Steroid responsive

Intravenously administered glucocorticoids , such as prednisone , are the standard of care in acute GvHD [7] and chronic GVHD. [24] The use of these glucocorticoids is designed to suppress the T-cell-mediated immune onslaught on the host tissues; however, in high doses, this immune-suppression raises the risk of infections and cancer relapse. Therefore, it is desirable to taper off the post-transplant high-level steroid doses to lower levels, at which point the appearance of mild GVHD may be welcome, especially in HLA mis-matched patients, as it is typically associated with a graft-versus-tumor effect. [ citation needed ] . Cyclosporine and tacrolimus are inhibitors of calcineurin. Both substances are structurally different but have the same mechanism of action. Cyclosporin binds to the cytosolic protein Peptidyl-prolyl cis-trans isomerase A (known as cyclophilin), while tacrolimus binds to the cytosolic protein Peptidyl-prolyl cis-trans isomerase FKBP12. These complexes inhibit calcineurin, block dephosphorylation of the transcription factor NFAT of activated T-cells and its translocation into the nucleus. [25] Standard prophylaxis involves the use of cyclosporine for six months with methotrexate. Cyclosporin levels should be maintained above 200 ng/ml. [26] Other substances that have been studied for GvHD prophylaxis include, for example: sirolimus, pentostatin and alemtuzamab. [26]

A 14-year-old boy, without any preceding history of trauma, meningoencephalitis or seizures, was admitted in a comatose state. A similar episode of loss of consciousness 2 months prior with normal neuroimaging and electroencephalogram (EEG) had been followed by behavioral alterations. A year previously, during evaluation for increased appetite and poor weight gain, he was noted to have small goitre with thyroid-stimulating hormone (TSH) mIU/L, T3 nmol/L, and T4 nmol/L. Routine hemogram, blood biochemistry, thyroid function tests including free hormone levels, ultrasonography thyroid and magnetic resonance imaging were normal. EEG showed diffuse slowing of all waves. Cerebrospinal fluid showed no pleocytosis and electrophoresis showed oligoclonal band. Viral studies and serum N-methyl-D-aspartate receptor antibody levels were negative. Anti-thyroid peroxidase (Anti-TPO) antibodies were raised. Intervention was with intravenous dexamethasone 4 mg every 6 h for 1 week followed by tapering schedule of oral prednisolone over 6 months.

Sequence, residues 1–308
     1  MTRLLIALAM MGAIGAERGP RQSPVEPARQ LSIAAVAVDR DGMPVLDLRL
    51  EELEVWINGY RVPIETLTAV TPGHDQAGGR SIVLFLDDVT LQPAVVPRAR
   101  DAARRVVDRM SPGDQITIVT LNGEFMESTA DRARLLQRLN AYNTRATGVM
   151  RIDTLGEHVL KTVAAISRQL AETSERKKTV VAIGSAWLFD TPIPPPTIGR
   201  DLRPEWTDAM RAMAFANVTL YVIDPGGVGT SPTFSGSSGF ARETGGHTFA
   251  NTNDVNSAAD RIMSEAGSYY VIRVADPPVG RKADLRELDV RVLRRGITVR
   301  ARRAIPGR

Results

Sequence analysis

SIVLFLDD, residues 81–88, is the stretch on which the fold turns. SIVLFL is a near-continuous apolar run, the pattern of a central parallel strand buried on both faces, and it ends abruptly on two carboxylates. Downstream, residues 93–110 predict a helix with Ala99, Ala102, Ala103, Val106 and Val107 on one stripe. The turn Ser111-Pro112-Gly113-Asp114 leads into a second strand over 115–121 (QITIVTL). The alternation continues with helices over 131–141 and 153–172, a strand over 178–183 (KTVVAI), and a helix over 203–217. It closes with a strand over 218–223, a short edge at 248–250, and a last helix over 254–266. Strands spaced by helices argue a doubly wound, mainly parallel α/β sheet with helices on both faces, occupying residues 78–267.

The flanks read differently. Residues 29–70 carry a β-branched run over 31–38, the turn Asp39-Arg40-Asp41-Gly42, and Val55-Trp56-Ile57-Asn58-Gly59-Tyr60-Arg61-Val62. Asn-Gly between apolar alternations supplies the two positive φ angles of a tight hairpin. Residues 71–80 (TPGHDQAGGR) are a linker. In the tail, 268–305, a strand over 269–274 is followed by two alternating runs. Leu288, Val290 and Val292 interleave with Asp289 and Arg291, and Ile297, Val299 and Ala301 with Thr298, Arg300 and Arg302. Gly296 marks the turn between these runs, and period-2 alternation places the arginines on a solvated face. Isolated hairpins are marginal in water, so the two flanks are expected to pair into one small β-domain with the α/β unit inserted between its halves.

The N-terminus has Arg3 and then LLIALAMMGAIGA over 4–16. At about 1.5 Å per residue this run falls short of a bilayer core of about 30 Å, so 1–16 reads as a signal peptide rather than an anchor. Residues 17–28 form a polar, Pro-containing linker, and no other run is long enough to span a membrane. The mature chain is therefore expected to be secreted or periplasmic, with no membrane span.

Steroid Responsive Meningitis - Samantha Goldberg BVSc MRCVS

Neck Pain and Fever in a Boxer--NAVA Clinician's Brief, November 2009
The Five Minute Veterinary Consult Page 388,
J AM Vet Med Assoc 201[10]:1553-8 Nov 15'92--Systemic Necrotizing Vasculitis in Nine Young Beagles.
J Vet Inter Med 4[2]:112 Mar/Apr'90 ACVIM 8th Annual Forum--Systemic Vasculitis {Canine Pain Syndrome} in young beagles
J Vet Intern Med 2[1]:26-35 Jan/Mar'88 123 Refs--Canine Meningitis:A Changing Emphasis
The Veterinary Record, June 17, 1978--Polyarteritis in a colony of beagles.
The Veterinary Record, April 7th 1973--Polyarteritis in the Dog: A Case Report   Dr. Roughie’s Questions and Answers- Steroid Responsive Meningitis-Vasculitis: The Disease With Many Names   Kasmin D. Bittle DVM   /images/Health/Dr-Roughie-ST-Column/
Neck Pain By Dr. J. E. Dillberger,  /images/Health/Dr-Roughie-ST-Column/

Steroid responsive

steroid responsive


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